Former McLouth Steel, Solutia Sites Interest Potential Buyers in Trenton

Crews are currently prepping the former McLouth Steel site for a potential sale or lease by cutting up and scrapping metal found on the property.

Large portions of the former McLouth Steel and Solutia sites could be Trenton eyesores of the past.

City Administrator Jim Wagner said 54 acres of the former McLouth Steel site and the riverside Solutia property are on the market and intriguing potential buyers.

“We have people that are showing interest in these particular sites,” Wagner said.

Wagner and Trenton Mayor Kyle Stack have met with the Michigan Economic Development Corporation, Detroit Chamber of Commerce, Wayne County Economic Division, Port Authority and McLouth Steel property owner Michael Wilkinson to help market the sites.

“We have built some great relationships with the authorities and opened the lines of communication for other future site developments,” Stack said in her State of the City Address Monday.

While Wagner did not wish to discuss specific businesses interested in the properties, he did say buyers interested in the McLouth Steel would likely be of an industrial nature. He estimates the cost of redeveloping the property for residential use to be in excess of $100 million.

“I don’t think residential use is going to happen at that site because of the environmental issues there,” Wagner said.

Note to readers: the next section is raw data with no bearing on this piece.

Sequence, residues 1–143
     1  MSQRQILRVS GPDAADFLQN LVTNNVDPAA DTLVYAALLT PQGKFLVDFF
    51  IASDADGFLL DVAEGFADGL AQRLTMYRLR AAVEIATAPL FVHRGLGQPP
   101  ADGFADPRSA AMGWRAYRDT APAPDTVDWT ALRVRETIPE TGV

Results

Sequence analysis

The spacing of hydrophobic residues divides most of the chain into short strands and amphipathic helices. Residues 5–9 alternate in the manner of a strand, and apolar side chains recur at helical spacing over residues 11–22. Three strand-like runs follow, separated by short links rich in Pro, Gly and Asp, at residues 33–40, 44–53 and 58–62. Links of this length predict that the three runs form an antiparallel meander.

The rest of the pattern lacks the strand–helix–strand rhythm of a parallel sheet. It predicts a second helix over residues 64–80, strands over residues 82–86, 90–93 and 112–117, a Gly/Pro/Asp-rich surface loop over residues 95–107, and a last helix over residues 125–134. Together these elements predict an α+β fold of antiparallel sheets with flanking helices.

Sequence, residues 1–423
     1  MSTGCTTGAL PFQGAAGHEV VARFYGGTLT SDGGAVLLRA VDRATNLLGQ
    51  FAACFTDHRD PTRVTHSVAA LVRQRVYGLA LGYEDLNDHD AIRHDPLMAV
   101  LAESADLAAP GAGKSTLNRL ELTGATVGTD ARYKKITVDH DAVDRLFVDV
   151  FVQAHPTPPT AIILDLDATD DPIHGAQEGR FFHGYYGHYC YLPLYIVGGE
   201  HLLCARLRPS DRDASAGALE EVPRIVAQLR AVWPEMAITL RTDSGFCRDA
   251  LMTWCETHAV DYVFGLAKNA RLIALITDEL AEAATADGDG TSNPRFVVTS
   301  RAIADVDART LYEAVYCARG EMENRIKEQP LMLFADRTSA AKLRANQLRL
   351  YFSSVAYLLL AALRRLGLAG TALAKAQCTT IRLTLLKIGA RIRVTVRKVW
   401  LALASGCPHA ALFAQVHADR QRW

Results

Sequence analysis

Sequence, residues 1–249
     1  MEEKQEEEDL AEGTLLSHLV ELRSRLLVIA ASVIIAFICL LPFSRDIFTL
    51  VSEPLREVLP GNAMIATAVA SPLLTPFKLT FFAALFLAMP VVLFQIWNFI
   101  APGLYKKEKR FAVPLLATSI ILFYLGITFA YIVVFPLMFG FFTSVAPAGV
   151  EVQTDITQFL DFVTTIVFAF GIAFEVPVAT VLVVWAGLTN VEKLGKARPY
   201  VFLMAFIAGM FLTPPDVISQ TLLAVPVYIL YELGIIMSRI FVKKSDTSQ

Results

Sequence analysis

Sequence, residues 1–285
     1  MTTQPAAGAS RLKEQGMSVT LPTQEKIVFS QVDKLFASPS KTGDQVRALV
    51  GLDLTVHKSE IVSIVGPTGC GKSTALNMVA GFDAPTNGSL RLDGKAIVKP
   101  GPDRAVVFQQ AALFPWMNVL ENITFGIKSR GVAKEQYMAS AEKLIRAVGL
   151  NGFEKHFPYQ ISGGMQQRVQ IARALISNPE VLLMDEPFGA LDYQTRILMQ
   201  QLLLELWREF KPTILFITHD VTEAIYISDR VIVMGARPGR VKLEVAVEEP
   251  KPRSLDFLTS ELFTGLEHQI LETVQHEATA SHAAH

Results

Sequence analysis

He added the site is currently in violation of Environmental Protection Agency (EPA) laws.

Recently, a portion of a building on the north side of the property caught fire after a cutting torch ignited an oil pit.

Wagner said crews are scrapping “anything and everything” to prepare the site for a potential sale or lease.

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Ron February 07, 2013 at 05:27 PM
This is great news but nothing we haven't heard before. The place is such an eyesore. Just look at the photo provided here. Why is it that the owner of the former Riverside Hospital has been issued numerous property related violations and directed to board up and even paint certain areas to address those violations while a much bigger brighted property sits a half mile to the north and looks ten times worse and to my knowledge hasn't been issued a single violation? Should this new purchase go through I would trust that the City of Trenton would require a bond to ensure clean up of the property and compliance with all ordinances and codes. However, given the magnitude of the property related violations that could be a deal killer for the new purchaser. If that were to occur these same requirements should be required of the current owner the same way they would be imposed on any other Trenton property owner.


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